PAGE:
Why can't I fly out to Korea, open a Korean bank account, and then use that to open an account on a Korean exchange, so that I can buy btc on a US exchange, send it to an address for my Korean exchange account, sell that for Korean dollars, exchange the Korean dollars for USD at the current exchange rate, and then use those USD to buy more crypto?
If prices are higher on Korean exchanges then this seems like such an easy thing to do. What's the catch?
This. I actually have a Korean bank account (I've lived there for 6 years). It's hard to get money out of there because of the anti-money laundering regulations. I can't even use my Korean debit card to make purchases on overseas website. t. $20k locked in a Korean account since I left the country 2 years ago.
why not buy btc with that money and then sell it on another country's exchange?
You probably can't open a bank account without a visa. You don't have a korean internet ID number. You don't have a korean phone for 2fa.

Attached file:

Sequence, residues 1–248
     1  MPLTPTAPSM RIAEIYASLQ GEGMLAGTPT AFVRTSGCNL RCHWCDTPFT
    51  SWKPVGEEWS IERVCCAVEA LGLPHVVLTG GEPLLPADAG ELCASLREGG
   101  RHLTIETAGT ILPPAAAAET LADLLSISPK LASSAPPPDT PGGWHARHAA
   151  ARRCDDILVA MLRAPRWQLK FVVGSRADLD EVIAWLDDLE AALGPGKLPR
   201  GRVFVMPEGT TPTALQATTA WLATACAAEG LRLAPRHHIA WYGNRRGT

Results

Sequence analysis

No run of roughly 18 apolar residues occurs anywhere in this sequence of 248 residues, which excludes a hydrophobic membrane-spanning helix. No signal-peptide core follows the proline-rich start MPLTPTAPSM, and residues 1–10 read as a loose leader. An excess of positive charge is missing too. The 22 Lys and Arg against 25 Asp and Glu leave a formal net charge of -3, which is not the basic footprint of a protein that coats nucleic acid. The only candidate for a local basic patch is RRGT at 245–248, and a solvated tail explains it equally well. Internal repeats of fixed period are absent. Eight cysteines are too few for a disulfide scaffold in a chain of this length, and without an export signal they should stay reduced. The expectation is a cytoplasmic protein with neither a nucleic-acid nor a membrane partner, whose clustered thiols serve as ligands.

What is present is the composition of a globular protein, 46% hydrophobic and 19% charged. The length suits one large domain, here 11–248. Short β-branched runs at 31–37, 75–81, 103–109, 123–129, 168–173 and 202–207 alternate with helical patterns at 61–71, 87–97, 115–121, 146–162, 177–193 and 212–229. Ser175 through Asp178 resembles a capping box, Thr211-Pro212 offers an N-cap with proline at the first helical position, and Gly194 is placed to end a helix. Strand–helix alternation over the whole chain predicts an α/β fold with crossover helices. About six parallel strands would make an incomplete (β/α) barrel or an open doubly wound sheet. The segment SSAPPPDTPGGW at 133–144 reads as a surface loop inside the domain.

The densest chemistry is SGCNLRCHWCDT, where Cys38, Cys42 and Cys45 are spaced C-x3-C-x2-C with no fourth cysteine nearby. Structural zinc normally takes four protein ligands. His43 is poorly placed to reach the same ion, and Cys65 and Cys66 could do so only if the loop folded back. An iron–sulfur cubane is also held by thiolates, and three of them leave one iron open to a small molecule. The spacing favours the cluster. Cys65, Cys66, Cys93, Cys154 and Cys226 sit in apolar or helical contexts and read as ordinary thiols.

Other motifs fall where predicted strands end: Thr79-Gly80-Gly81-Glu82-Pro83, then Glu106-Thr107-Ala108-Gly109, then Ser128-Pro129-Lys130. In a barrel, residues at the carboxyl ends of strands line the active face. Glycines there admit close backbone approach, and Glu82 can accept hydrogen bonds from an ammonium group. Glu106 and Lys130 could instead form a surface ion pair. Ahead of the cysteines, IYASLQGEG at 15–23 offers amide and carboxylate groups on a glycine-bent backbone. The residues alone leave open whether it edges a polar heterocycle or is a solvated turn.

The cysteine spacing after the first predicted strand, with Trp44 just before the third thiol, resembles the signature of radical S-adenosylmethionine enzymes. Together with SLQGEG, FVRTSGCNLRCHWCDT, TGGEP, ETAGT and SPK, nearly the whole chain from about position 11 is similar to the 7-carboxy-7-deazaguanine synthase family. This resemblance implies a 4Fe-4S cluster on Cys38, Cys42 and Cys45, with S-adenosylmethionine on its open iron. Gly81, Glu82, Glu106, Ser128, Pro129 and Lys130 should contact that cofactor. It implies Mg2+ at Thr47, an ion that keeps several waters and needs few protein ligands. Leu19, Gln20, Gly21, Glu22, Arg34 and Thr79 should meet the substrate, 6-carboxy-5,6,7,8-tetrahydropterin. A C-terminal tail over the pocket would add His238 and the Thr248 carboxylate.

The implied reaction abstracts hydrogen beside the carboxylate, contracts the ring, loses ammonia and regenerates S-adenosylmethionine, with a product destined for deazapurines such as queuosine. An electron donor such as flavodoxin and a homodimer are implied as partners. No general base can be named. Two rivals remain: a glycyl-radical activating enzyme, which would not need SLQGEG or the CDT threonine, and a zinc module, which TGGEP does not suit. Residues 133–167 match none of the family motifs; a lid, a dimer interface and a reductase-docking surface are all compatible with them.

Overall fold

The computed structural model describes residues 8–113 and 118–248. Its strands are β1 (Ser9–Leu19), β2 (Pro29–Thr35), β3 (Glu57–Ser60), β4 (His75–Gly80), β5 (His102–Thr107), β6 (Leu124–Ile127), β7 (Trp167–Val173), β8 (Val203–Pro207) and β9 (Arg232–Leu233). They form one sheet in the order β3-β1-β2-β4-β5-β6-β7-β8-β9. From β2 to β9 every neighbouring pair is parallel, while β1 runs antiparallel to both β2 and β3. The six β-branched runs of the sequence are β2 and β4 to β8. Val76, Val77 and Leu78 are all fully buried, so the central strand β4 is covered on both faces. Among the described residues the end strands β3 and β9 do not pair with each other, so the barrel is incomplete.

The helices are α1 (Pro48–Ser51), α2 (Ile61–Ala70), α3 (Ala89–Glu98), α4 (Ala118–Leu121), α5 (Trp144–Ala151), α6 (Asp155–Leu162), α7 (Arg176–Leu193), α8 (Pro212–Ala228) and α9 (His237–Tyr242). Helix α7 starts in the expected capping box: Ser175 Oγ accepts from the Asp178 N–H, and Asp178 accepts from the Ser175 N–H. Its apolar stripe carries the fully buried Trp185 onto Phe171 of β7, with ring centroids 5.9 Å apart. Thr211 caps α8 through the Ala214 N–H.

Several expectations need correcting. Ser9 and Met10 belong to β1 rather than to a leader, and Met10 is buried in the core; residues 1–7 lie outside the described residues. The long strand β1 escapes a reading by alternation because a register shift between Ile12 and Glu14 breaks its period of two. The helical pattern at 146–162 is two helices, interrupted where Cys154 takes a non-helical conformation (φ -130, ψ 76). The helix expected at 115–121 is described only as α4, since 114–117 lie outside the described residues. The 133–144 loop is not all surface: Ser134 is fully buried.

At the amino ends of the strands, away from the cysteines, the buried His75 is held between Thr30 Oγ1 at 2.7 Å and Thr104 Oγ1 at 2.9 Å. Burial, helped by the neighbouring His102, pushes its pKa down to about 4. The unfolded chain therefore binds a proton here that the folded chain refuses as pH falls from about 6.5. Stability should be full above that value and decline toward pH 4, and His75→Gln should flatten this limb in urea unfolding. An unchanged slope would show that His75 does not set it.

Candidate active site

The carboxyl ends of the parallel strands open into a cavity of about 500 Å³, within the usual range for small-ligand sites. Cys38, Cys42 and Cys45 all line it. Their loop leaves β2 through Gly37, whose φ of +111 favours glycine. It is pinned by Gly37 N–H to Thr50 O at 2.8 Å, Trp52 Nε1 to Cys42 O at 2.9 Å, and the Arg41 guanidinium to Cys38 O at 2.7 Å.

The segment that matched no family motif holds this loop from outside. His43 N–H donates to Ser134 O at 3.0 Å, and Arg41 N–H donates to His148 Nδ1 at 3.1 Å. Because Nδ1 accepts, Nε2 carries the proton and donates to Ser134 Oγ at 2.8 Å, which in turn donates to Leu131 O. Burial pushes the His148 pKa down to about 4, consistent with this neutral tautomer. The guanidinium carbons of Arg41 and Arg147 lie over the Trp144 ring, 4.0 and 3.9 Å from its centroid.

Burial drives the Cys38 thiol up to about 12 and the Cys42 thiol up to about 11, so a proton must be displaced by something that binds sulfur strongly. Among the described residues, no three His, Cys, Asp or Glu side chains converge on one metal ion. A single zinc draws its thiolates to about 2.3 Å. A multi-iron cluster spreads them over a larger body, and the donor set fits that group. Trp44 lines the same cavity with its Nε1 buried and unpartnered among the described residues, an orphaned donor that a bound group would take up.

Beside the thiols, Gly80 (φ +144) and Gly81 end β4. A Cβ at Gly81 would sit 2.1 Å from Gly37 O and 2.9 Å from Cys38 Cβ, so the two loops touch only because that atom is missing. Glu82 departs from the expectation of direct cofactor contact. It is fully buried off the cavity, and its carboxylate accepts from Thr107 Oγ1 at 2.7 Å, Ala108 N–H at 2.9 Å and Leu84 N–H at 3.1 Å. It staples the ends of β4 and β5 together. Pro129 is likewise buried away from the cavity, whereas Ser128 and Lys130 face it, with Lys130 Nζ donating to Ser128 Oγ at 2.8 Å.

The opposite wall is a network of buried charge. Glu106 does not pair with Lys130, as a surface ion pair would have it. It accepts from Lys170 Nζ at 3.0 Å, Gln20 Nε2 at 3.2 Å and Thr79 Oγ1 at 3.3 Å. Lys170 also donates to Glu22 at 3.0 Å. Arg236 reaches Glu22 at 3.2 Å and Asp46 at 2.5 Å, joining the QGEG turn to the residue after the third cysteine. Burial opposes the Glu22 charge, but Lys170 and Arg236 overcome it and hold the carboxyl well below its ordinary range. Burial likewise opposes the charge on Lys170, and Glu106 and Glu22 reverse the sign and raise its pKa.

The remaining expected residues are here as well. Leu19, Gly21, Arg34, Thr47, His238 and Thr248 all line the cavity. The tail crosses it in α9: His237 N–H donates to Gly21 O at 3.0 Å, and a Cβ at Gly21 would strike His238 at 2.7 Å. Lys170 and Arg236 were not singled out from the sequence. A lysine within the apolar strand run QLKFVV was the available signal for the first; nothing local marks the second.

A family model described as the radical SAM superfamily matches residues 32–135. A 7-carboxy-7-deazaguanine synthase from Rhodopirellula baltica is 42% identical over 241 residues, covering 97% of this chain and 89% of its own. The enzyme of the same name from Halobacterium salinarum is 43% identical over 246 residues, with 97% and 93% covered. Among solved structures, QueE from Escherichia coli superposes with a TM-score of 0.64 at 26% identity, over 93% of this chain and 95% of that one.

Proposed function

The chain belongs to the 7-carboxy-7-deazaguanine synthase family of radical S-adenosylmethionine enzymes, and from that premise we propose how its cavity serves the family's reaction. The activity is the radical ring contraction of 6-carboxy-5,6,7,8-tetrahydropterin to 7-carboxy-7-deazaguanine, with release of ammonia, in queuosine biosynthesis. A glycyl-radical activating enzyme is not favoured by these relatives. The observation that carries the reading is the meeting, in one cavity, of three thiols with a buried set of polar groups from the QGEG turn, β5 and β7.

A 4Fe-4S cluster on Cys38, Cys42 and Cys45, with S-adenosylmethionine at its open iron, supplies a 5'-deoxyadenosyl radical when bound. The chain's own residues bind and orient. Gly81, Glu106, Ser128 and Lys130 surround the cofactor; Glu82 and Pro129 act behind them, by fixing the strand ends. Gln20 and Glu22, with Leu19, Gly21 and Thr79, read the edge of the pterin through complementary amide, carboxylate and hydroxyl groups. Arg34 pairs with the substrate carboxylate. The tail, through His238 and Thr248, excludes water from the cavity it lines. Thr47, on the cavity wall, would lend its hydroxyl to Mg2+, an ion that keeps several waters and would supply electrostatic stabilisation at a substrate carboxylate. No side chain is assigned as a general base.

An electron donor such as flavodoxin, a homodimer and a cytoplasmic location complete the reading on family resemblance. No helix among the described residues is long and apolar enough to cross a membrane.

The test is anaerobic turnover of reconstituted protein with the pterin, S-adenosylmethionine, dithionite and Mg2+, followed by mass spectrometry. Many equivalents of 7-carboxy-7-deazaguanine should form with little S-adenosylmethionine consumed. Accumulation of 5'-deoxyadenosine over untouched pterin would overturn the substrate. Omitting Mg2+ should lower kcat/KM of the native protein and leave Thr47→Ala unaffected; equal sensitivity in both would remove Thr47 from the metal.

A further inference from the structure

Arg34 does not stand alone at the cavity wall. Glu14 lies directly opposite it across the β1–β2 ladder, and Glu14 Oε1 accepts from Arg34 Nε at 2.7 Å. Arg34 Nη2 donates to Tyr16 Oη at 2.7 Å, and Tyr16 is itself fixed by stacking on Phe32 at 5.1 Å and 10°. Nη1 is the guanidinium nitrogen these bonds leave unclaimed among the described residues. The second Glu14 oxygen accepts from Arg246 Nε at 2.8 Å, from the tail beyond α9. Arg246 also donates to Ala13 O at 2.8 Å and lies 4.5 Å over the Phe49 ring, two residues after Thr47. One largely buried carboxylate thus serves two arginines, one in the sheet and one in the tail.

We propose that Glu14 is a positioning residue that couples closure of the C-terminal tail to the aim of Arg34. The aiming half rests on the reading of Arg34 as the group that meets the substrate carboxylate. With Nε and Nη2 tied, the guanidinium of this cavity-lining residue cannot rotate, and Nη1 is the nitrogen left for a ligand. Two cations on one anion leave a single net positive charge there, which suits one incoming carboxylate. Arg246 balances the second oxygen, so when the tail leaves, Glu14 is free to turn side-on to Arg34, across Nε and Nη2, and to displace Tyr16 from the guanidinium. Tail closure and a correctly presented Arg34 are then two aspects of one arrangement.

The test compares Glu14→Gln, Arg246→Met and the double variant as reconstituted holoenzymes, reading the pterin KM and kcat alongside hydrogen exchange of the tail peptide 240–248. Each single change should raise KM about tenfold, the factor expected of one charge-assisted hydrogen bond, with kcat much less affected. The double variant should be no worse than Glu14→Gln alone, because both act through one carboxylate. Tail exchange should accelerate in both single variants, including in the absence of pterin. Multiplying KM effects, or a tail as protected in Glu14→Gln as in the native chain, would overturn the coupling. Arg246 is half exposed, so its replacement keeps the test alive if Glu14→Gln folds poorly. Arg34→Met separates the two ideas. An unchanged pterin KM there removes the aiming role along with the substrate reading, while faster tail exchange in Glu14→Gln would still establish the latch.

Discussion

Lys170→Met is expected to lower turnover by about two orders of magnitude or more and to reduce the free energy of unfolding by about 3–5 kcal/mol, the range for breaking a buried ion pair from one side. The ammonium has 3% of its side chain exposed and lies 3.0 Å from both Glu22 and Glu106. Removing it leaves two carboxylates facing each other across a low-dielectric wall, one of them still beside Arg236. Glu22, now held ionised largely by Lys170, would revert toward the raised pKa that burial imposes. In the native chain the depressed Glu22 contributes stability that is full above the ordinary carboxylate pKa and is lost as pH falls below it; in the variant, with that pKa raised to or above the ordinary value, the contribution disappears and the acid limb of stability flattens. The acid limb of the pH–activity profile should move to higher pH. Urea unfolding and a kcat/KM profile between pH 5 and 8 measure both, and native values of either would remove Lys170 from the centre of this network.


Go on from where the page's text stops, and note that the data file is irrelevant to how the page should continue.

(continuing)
My wife is Korean and because she lives in the states she can't open a fucking coinone account.
Buy expensive BTC from a Korean exchange, send to a foreign exchange where BTC is much cheaper and sell. Congratulations, you now have less money than you started with.
>sell that for Korean dollars, exchange the Korean dollars for USD at the current exchange rate, and then use those USD to buy more crypto
This is where you have your problem. If you managed to set up an account on a Korean exchange, once you have sold your coins for Korean won, you then have to a) buy USD in Korea and then b) get the USD out of Korea so you can use it to buy on a non-Korean exchange. Korea has extremely strict laws about money leaving the country and each citizen is restricted to taking a maximum of about 20k out a year. Anything more than that would have to be smuggled out illegally somehow. So you could either take advantage of one 20k arbitrage possibility each year or become a smuggler. But if you're going to become a smuggler there are better things o smuggle. This is precisely why the price discrepancies exist with Korea, because the normal ways for smoothing out market prices don't work due to the semi-closed nature of their economy.
Because I can't use my Korean debit card to buy bitcoin on foreign websites. The only thing I can do is increase my KRW stack on my Korean bank account. Which would be nice if I still lived in Korea, but I don't.